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The goddess Anuket, depicted as a woman with a tall, plumed headdress
Name in hieroglyphs
Major cult center Elephantine, Seheil
Symbol Bow, arrows, gazelle, ostrich feather
Parents Khnum and Satet

Anuket was the ancient Egyptian goddess of the cataracts of the Nile and Lower Nubia in general, worshipped especially at Elephantine near the First Cataract.[1]


In Ancient Egyptian, she was known as Anuket, Anaka,[2] or Anqet.[3] Her name meant the "Clasper" or "Embracer".[2] In Greek, this became Anoukis (Ανουκις),[2] sometimes also spelled Anukis.[4] In the interpretatio graeca, she was considered equivalent to Hestia or Vesta.[2]


Anuket was usually depicted as a woman with a headdress of either reed or ostrich feathers[5] She was usually depicted as holding a Sceptre topped with an ankh, and her sacred animal was the gazelle.[6] She was also shown suckling the Pharaoh through the New Kingdom and became a goddess of lust in later years.[6] In later periods, she was associated with the cowry, especially the shell, which resembled the vagina.[6]

History and roles

She was originally the daughter of Ra, but was always related to Satet in some way. For example, both goddesses were called the "Eye of Ra", along with Bastet, Hathor, and Sekhmet.[6] Also, they were both related in some way to the Uraeus.[6]


Reliefs of Senusret III and Neferhotep I making offerings to Anuket on Seheil.

Anuket was part of a triad with the god Khnum, and the goddess Satis. She may have been the sister of the goddess Satis[5] or she may have been a junior consort to Khnum instead.[5][2]

A temple dedicated to Anuket was erected on the Island of Seheil. Inscriptions show that a shrine or altar was dedicated to her at this site by the 13th dynasty Pharaoh Sobekhotep III. Much later, during the 18th dynasty, Amenhotep II dedicated a chapel to the goddess.[7]

During the New Kingdom, Anuket's cult at Elephantine included a river procession of the goddess during the first month of Shemu. Inscriptions mention the processional festival of Khnum and Anuket during this time period.[8]

Anouké ou Anouki (Anucè, Anucis, Istia, Estia, Vesta), N372.2, Brooklyn Museum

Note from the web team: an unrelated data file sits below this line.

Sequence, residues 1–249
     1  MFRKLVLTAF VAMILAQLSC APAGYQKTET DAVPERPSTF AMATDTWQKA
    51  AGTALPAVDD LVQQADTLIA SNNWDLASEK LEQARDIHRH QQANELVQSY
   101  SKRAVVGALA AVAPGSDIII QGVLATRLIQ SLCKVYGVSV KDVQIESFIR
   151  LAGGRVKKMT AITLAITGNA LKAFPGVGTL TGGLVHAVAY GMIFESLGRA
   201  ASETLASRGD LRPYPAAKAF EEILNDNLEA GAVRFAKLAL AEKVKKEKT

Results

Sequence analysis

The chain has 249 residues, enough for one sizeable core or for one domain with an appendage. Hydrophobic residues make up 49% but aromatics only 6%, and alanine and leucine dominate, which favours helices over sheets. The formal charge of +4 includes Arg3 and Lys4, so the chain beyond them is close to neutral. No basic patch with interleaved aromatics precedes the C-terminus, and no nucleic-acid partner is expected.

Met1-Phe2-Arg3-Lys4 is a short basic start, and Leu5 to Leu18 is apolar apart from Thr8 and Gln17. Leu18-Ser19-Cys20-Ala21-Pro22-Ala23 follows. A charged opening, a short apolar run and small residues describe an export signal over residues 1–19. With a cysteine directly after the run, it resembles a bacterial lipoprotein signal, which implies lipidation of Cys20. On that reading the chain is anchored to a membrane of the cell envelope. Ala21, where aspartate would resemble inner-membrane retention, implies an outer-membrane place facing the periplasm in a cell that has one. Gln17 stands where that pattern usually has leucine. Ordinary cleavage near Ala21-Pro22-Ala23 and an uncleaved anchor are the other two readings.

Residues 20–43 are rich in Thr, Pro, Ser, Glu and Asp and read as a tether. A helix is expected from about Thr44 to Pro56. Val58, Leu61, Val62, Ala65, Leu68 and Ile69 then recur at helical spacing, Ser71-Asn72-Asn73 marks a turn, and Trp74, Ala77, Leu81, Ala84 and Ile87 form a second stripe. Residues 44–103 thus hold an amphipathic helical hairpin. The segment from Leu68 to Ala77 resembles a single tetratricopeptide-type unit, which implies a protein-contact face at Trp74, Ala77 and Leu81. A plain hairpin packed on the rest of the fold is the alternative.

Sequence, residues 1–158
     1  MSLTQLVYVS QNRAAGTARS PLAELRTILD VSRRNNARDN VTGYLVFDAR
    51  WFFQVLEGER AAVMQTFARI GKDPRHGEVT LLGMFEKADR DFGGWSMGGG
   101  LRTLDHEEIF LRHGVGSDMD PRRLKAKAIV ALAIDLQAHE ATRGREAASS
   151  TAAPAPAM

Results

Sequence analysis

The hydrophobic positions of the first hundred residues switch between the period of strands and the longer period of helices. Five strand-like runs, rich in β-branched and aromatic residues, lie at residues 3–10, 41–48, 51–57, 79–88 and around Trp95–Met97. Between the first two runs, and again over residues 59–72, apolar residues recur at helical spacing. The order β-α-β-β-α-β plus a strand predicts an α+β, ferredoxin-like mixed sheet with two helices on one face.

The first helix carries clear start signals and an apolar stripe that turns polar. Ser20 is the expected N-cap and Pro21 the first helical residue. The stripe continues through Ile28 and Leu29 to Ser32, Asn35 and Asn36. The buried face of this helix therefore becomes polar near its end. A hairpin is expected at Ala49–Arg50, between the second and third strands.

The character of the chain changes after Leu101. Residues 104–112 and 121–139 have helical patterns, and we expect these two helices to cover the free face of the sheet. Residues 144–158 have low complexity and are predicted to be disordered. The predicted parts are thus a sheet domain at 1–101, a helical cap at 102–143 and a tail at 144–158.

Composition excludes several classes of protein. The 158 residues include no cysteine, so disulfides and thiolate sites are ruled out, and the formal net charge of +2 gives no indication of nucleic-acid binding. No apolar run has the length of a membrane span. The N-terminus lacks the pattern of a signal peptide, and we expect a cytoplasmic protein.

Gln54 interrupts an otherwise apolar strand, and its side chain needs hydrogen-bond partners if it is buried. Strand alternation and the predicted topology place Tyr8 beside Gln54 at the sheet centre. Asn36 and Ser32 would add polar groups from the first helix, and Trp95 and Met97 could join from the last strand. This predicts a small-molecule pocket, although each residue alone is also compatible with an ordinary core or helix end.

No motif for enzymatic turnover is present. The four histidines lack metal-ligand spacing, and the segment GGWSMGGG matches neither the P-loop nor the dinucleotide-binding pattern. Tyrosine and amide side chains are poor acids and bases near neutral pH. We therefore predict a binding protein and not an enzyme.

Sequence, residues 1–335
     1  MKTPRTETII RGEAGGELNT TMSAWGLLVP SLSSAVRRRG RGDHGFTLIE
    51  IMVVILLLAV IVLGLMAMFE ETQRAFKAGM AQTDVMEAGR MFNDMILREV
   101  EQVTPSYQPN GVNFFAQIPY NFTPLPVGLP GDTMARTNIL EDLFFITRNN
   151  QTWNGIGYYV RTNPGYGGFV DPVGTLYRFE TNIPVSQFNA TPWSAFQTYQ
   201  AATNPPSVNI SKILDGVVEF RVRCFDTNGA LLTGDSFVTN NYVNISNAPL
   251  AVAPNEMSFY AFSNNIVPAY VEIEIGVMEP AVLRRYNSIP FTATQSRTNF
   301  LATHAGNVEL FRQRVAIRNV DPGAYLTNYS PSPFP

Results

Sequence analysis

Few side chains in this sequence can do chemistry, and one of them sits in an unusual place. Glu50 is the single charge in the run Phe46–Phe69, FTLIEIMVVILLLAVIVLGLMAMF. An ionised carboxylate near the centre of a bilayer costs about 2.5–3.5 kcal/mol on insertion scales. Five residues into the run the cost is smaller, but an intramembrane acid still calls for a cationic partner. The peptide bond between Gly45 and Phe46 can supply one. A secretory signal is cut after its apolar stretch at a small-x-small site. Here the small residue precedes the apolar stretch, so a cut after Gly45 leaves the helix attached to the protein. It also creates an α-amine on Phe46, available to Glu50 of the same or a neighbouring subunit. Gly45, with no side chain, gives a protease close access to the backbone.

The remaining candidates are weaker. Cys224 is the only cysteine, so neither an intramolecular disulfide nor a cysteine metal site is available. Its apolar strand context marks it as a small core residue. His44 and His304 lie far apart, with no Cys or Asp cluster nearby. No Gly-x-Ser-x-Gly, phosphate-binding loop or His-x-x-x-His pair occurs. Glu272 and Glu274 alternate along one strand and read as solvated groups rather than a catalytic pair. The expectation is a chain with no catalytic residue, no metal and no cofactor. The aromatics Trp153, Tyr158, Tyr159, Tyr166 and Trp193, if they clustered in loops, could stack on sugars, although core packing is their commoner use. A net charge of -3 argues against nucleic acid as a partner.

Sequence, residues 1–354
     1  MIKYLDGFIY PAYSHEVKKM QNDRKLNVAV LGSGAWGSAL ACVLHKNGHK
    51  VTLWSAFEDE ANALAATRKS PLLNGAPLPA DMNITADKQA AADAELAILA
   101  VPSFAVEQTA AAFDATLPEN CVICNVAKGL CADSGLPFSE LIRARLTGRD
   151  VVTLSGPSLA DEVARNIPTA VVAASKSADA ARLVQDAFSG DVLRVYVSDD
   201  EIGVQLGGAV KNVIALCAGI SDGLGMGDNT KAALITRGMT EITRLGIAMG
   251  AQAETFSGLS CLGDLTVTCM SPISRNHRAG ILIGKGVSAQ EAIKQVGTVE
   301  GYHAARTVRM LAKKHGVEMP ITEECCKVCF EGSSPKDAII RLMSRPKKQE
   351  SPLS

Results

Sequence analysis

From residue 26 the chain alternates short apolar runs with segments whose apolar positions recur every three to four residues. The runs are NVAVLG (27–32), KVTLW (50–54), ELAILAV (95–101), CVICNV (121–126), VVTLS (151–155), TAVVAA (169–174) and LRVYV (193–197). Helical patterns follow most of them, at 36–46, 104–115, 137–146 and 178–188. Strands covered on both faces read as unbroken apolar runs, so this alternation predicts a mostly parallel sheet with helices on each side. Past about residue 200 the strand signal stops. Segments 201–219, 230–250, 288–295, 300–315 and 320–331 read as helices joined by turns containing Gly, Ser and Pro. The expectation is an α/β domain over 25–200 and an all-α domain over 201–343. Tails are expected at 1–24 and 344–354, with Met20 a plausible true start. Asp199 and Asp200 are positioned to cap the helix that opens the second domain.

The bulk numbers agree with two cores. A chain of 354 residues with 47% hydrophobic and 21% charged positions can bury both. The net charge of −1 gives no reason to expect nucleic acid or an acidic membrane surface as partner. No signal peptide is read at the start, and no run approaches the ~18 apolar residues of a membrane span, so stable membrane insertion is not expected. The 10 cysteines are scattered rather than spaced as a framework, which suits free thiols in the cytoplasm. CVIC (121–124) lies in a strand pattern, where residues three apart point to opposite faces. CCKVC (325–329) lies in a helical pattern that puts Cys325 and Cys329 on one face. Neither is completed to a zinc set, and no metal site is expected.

Ceremonially, when the Nile started its annual flood, the Festival of Anuket began. People threw coins, gold, jewelry, and precious gifts into the river, in thanks for the life-giving water and returning benefits derived from the wealth provided by her fertility to the goddess. The taboo held in several parts of Egypt, against eating certain fish which were considered sacred, was lifted during this time, suggesting that a fish species of the Nile was a totem for Anuket and that they were consumed as part of the ritual of her major religious festival.[citation needed]



  1. ^ Hart, George (2005), The Routledge Dictionary of Egyptian Gods and Goddesses, Revised Edition, p. 28
  2. ^ a b c d e EB (1878).
  3. ^ "Anuket". Retrieved 2016-10-26.
  4. ^ Wilkinson, Richard H. (2003). The Complete Gods and Goddesses of Ancient Egypt. New York: Thames & Hudson. p. 138. ISBN 0-500-05120-8.
  5. ^ a b c Geraldine Pinch, Egyptian Mythology: A Guide to the Gods, Goddesses, and Traditions of Ancient Egypt, Oxford University Press, 2004, p 186
  6. ^ a b c d e "Anuket". Retrieved 2016-10-26.
  7. ^ Kathryn A. Bard, Encyclopedia of the archaeology of ancient Egypt, Psychology Press, 1999, p 178
  8. ^ Zahi A. Hawass, Lyla Pinch Brock, Egyptology at the Dawn of the Twenty-first Century: Archaeology, American Univ in Cairo Press, 2003, p 443


  • "Anoukis" , 'Encyclopædia Britannica, 9th ed., Encyclopædia Britannica, 9th ed. , New York: Charles Scribner's Sons, 1878, p. 90.

Further reading

  • Valbelle, Dominique (1981). Satis et Anoukis (in French). Verlag Philipp von Zabern. ISBN 3-8053-0414-5.
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